Theses Doctoral

A Ticket to Life: Schooling and the Politics of Aspiration in Cape Town

Herbert, Amelia Simone

Schooling is a social project of making futures. Youth and families navigate aspirations framed by perceptions of what is possible within starkly unequal conditions of possibility. In Cape Town, persistent colonial and apartheid geography that continues to normalize racialized inequality is made visible and reproduced in large part through schooling patterns and outcomes. The convergence of post-apartheid reforms and global neoliberal trends have accelerated processes of education marketization, including a growing sector of “affordable” private schools that claim to level uneven terrain and interrupt poverty by shaping upwardly mobile youth from township communities. Critics argue they fuel an educational crisis, causing further differentiation in an already inequitable system. Proponents point to failing state schools and assert families’ right to quality education. My research foregrounds perspectives and experiences of those confronted with this double bind between “choice” and “crisis.”

Based on 21 months of ethnographic research including participant observation, 35 semi-structured interviews, six unfocused groups, and a 110-respondent educational autobiography survey, A Ticket to Life explores how students, alumni, families, and staff of a low-fee independent high school in Cape Town’s oldest township, navigate the racial and spatial politics of aspiration in an anti-Black city as well as how the school is embedded in the broader racialized politics of transnational education reform. Engaging anthropology, Black studies, and comparative education, I argue that the spatial and affective valences of aspiration are both violent and life-saving in the context of uneven geography, that deep investments in liberal individualist notions of aspiration compromise commitments to liberatory pedagogies, and that, in the context of global racial capitalism, aspiration is deployed as a portable logic to support the transnational spread of market-based education reforms. Nevertheless, youth, families, and educators (in schools and beyond) harness education as both a site and a strategy of struggle, in the process forging a capacity to conspire toward the inextricable goals of racial and spatial justice.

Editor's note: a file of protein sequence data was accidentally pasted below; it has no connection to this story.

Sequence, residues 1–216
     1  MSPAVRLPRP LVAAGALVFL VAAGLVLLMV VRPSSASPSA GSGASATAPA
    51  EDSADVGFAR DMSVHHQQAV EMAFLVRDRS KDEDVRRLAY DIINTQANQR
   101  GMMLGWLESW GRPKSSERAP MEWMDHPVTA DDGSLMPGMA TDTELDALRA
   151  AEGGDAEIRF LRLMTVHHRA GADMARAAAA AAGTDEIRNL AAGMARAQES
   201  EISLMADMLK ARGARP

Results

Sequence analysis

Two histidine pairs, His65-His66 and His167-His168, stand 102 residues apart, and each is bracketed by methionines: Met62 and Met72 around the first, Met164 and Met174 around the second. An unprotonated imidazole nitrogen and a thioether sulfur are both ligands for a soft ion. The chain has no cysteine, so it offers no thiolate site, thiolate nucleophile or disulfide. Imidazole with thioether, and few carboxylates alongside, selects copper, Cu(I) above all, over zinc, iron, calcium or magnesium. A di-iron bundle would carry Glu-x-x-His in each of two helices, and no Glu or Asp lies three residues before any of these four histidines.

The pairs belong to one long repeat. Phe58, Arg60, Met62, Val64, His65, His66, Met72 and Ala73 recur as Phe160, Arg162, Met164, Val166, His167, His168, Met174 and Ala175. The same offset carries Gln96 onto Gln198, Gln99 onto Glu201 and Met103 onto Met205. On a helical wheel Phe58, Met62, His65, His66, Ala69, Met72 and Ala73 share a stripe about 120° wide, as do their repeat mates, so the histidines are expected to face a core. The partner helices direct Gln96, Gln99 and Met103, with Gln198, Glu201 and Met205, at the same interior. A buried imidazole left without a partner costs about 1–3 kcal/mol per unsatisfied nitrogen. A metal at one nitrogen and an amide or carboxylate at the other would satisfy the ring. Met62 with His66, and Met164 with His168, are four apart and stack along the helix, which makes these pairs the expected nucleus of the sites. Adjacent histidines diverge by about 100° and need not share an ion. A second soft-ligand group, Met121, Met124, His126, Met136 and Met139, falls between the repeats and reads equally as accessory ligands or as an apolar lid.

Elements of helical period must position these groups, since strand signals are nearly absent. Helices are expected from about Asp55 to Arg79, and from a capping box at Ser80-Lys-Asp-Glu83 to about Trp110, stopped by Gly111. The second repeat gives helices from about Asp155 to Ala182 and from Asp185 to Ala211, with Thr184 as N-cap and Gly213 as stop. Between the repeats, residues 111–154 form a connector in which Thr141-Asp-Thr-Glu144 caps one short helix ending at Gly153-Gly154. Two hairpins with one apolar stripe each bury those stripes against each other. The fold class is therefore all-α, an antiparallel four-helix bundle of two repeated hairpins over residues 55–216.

Keywords: global antiBlackness, antiBlack racism


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More About This Work

Academic Units
Anthropology and Education
Thesis Advisors
Abu El-Haj, Thea Renda
Ph.D., Columbia University
Published Here
April 27, 2022